Noam’s Ark

Walter Nash

  • The Twitter Machine: Reflections on Language by Neil Smith
    Blackwell, 275 pp, £9.95, September 1989, ISBN 0 631 16926 1
  • English in Use by Randolph Quirk and Gabriele Stein
    Longman, 262 pp, £17.95, September 1990, ISBN 0 582 06612 3

Die Zwitscher-Maschine is the title of a picture by Paul Klee, and a most beguiling picture it is: beaky, joky, reticular line-drawing on washes of demurest blue and rose, a sort of grave man’s Rowland Emmett. It makes a pleasant cover illustration for Neil Smith’s collection of propaedeutic papers on linguistics, providing a title for the book and a humorous gloss on the text, the first in a series of playful images and allusions deftly exploited by Professor Smith as he attempts to introduce his readers – defined as ‘outsiders’ and ‘beginning insiders’ – to the intricate delights and perplexities of his subject. Like most emblems, however, this cover motif is susceptible to diverse interpretations. For what, after all, is ‘The Twitter Machine’? Is it the human mind, which, to borrow a phrase from Louis MacNeice, ‘clicks like scissors’, snipping out instructions for the creation of language? Does it refer to what most of us mean by ‘language’, the working components, audible or visible, of speech and writing? Or might it be a merry metaphor for the operations of linguistic science?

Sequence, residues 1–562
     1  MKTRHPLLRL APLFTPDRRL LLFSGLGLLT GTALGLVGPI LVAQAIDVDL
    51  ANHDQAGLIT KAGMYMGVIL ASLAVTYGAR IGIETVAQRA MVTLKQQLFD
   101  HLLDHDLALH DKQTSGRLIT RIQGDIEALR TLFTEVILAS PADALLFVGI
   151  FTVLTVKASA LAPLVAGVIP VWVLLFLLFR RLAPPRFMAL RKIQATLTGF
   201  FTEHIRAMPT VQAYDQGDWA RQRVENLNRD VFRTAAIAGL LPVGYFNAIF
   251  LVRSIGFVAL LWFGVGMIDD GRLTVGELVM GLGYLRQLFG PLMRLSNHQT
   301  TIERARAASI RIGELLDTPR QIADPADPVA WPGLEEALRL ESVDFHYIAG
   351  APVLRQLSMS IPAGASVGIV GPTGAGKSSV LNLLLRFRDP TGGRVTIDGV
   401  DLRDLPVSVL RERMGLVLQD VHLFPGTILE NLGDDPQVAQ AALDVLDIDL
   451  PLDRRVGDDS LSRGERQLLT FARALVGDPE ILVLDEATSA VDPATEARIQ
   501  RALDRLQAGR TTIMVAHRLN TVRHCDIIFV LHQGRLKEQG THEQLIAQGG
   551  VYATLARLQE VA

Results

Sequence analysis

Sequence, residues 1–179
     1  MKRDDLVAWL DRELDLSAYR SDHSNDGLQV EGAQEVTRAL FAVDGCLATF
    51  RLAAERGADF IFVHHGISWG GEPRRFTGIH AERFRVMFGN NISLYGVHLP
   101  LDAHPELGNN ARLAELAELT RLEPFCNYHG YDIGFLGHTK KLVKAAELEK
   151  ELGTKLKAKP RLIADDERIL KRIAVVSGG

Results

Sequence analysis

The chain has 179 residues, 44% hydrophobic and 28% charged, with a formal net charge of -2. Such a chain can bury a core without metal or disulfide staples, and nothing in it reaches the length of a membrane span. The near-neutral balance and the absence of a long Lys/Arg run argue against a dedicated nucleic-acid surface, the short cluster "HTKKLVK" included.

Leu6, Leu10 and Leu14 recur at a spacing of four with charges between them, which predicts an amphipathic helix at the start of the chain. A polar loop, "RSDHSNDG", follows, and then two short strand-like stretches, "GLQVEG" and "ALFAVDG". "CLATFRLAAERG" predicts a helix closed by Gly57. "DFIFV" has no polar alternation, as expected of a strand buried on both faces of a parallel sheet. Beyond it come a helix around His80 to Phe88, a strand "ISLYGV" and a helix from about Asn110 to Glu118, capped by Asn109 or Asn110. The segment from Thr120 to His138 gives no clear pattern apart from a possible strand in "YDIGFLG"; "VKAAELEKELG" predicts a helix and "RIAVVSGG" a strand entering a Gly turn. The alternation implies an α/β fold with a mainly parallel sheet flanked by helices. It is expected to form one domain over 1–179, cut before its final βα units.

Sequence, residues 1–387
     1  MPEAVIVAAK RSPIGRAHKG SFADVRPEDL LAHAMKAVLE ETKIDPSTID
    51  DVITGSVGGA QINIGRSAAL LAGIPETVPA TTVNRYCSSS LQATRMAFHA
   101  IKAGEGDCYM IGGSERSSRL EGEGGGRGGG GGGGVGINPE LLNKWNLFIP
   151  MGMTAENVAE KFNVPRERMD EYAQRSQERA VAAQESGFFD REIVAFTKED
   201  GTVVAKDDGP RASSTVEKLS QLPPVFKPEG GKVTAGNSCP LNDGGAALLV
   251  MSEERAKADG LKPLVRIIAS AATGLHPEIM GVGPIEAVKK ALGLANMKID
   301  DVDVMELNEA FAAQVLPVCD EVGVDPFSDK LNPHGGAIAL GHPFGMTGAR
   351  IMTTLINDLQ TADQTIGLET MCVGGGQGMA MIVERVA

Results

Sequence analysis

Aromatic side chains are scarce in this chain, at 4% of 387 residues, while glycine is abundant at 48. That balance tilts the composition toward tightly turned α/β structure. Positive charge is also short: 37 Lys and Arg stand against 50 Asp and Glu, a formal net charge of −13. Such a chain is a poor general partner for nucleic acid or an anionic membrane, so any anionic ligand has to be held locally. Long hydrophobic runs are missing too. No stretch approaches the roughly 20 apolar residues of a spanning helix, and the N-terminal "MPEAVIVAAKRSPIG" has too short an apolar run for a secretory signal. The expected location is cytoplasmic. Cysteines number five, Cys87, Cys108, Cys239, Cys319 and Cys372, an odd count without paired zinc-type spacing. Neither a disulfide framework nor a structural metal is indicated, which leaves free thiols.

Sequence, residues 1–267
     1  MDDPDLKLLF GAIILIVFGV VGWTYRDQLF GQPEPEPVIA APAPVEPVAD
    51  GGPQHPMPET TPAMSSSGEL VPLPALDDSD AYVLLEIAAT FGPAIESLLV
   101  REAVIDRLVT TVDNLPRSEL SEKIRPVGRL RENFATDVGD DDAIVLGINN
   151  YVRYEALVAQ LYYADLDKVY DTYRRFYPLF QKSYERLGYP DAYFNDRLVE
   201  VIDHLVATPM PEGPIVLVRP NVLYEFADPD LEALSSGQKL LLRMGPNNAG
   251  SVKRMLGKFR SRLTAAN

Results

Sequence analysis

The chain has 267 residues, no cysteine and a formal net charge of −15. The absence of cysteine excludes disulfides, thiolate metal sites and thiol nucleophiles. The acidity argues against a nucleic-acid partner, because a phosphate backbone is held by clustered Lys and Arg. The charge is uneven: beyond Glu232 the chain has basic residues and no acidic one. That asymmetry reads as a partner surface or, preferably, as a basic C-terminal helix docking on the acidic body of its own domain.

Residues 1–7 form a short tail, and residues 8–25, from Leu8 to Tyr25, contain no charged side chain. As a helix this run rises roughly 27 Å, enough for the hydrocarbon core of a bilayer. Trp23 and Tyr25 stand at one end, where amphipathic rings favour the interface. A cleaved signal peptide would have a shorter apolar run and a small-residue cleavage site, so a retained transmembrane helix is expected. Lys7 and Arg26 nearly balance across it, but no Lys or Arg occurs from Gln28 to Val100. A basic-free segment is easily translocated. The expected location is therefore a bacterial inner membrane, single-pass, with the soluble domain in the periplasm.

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[*] A further collaboration should be noted: A Student’s Grammar of the English Language by Sidney Greenbaum and Randolph Quirk was published by Longman on 30 July (490 pp., £18.50 and £12.95, 0 582 07569 6).